Congress is about to rob Medicare to 'save' the Postal Service

In the business world, low-performance departments are often audited, reformed, and — if they continue to underperform — eliminated.  It's one of the many ways companies stay competitive — by eliminating dead weight to stay profitable and keep customers happy with high-quality service and competitive prices.

This week, the House is set to do the exact opposite.  In typical "kick the can down the road" action by our elected officials, a bipartisan group of politicians is shifting billions of dollars in retirement costs from the U.S. Postal Service to Medicare.  Supporters celebrate that USPS will remove unaffordable retirement costs from its balance sheet, thus keeping itself solvent.  What they've tried to hide is Congress's sleight of hand, which will accelerate Medicare's projected 2026 bankruptcy.

The Congressional Budget Office's July 2021 report laid out the situation clearly.  In just the first ten years of the shifting of your tax dollars from one account to another — changing nothing but where the money is located — an additional 25% of retired postal workers are required to join Medicare.  That's required, mind you, not requested or given the opportunity to join.  And that means you and I, the people who pay the postal workers' salaries, are going to be even more on the hook for their retirements.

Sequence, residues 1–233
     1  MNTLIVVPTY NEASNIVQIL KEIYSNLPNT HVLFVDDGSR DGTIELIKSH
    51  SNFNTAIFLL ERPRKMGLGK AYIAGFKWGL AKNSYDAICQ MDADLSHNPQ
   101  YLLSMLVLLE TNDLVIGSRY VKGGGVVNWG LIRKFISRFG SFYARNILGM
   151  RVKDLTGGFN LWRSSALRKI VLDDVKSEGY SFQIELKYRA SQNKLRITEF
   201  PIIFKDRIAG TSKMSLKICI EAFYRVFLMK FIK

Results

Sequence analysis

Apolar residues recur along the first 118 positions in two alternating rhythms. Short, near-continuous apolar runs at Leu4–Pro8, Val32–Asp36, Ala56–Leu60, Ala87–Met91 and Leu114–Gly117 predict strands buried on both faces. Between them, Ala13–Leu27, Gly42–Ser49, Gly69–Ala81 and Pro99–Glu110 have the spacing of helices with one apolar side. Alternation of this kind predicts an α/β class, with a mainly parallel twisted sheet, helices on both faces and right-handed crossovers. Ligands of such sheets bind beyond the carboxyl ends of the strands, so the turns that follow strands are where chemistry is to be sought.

I have nothing against postal workers; they do a job that requires dealing with traffic, cold, rain, and dangerous roads.  I do wish they weren't quite so obvious in their partisan bias, but nobody is really surprised that unions support Democrats.  What I care more about is that Congress's 2022 "solution" to USPS's insolvency is another failed action that will require more action to "fix" what Congress broke this time around.

In politics, everything comes around.  We saw a GOP Congress "fix" the Postal Service's pension problems by requiring costly up-front infusions of cash just as the internet began cutting into the Post Office's business model.  Worse, the Post Office hasn't even followed that law, according to the CBO — it simply didn't make the required pension payments, which has made the pension problem even worse.

Today, Democrats are leading the charge in a "bipartisan" manner, which will give everyone the chance to brag to his constituents that he "saved" the Post Office.  And, sure, all of them did — by throwing Medicare, another boondoggle that congressional "fixes" somehow keep making worse, under the bus.

I recently wrote about why America should end government-run health care in light of the horrendous failure we've seen since the start of the COVID-19 pandemic.  From presidents on down to local governments, elected officials and unelected bureaucrats have cracked down on our liberties, ruined our mental and physical health, and spent money we don't have on solutions that don't work.  The 2022 USPS "fix" looks like one of those things that Congress will use to try to fool us again.  Let's nip this one in the bud.

Michael Feuz is a technology consultant by day and a research associate for a small D.C. think-tank by night.  He is pursuing graduate work in economics at George Mason University.  His work has been published by Real Clear Policy, the Washington Examiner, and Inside Sources.

Image: EraserGirl via Wikimedia Commons, CC BY 2.0 (cropped).

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